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Irish Biotech developing New Antibiotics attracts €58M in Series B Round

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Irish Biotech developing New Antibiotics attracts €58M in Series B Round

Irish Biotech developing New Antibiotics attracts €58M in Series B Round
May 19
15:31 2017

Iterum Therapeutics has raised €58M to fund Phase III and bring a new antibiotic to a market where innovation is lacking.

Iterum Therapeutics is a biotech based in Dublin that develops new antibiotics with the aim of combating the superbug crisis. The company has just raised€58M ($65M) in Series B to fund Phase III trials with its lead antibiotic compound. Arix Bioscience and Advent Life Sciences. They joined top existing investors, such as Sofinnova Ventures, all of which participated in the round.

This large Series B round follows on Iterum’s Series A, which raised a huge €40Mlast year. The reason is likely that the Irish biotech is addressing one of the most urgent crises of healthcare worldwide, the spread of antibiotic resistance. With the new cash, the company plans to complete a Phase III trial in uncomplicated urinary tract infections and initiate more Phase III studies in the first half of 2018, aiming to file for approval with the FDA by the end of 2019.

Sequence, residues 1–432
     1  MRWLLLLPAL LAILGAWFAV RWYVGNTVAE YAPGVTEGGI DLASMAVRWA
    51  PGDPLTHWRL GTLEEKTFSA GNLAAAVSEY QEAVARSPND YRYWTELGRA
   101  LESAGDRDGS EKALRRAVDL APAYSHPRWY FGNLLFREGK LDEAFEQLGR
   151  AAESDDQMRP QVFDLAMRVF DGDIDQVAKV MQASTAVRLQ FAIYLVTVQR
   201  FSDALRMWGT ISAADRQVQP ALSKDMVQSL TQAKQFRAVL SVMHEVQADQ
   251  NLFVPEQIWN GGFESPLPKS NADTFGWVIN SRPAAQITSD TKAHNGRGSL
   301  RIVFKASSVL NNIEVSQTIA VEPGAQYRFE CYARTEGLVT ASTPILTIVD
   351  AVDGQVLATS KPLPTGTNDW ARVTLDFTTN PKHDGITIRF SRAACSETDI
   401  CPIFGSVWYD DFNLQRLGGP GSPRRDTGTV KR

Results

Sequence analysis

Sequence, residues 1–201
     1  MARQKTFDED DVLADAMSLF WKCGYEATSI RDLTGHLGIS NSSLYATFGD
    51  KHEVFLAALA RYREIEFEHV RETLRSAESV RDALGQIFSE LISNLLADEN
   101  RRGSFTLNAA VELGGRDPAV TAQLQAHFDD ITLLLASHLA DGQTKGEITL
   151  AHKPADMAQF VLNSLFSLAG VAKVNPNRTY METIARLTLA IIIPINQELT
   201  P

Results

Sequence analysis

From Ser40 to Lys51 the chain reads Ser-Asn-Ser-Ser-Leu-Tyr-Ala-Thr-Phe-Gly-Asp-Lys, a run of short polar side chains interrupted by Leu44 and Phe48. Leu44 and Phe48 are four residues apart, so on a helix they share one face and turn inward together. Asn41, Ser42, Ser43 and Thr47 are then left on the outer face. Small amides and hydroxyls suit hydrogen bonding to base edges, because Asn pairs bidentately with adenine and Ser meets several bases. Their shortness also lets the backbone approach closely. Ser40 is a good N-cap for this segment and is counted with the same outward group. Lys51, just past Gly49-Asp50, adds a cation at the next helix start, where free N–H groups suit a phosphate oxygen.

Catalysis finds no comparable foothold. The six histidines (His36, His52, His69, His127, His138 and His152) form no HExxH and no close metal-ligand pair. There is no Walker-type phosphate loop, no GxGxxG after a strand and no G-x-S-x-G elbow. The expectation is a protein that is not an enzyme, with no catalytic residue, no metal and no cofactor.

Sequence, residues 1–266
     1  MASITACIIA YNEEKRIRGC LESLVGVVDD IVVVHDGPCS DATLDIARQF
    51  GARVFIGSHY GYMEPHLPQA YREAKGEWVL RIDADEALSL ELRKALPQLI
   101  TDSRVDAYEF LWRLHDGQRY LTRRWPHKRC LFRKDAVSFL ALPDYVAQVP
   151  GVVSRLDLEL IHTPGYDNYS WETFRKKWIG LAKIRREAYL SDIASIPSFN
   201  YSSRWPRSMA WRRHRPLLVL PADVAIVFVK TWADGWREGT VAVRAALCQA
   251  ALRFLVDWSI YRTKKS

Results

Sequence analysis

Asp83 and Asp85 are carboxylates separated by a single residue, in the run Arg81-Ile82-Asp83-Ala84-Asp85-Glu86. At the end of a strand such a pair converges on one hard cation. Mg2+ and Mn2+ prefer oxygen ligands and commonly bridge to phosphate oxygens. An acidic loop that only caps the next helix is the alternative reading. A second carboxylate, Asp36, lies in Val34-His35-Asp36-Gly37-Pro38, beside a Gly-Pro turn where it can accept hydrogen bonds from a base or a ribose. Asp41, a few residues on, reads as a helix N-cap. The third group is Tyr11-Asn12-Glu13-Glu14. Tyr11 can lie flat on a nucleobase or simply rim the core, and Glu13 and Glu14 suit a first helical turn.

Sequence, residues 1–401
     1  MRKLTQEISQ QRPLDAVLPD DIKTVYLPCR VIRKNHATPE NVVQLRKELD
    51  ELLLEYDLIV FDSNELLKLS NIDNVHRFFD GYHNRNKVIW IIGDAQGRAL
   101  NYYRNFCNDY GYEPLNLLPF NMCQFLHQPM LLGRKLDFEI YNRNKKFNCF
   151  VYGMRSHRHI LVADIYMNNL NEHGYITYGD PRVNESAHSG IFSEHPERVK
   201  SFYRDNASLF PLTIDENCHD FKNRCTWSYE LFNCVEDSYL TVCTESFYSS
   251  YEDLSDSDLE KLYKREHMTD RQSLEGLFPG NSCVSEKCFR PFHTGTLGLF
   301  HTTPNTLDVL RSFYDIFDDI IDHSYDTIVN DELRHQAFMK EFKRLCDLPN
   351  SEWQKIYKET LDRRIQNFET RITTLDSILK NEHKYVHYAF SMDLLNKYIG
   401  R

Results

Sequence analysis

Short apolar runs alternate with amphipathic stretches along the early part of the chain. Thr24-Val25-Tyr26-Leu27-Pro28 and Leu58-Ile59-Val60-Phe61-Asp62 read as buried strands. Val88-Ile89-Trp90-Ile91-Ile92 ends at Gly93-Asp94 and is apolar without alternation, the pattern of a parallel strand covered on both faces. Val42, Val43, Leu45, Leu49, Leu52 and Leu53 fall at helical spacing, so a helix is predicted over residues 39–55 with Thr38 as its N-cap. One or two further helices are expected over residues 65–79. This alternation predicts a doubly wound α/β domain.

Iterum is developing sulopenem, a new broad-spectrum antibiotic for Gram-negative infections. It belongs to the penem class, which is structurally different from carbapenems, a group comprised of many last-line antibiotics for which antibiotic resistance is rapidly rising. This structural differences might help treat resistant pathogens that are no longer susceptible to last-line carbapenems.

While antibiotic resistance keeps growing at alarming rates, the number of new antibiotics in the market has rarely increased in the past 40 years, especially for Gram-negative infections. However, a few companies around Europe are making efforts to change this. Auspherix, in the UK, is developing a whole new class of antibiotics based on organogold structures. Others are going for completely new approaches, like Nemesis Bioscience in Cambridge, which is removing resistance genes from bacteria using CRISPR-Cas9.


Written by Clara Rodríguez Fernández

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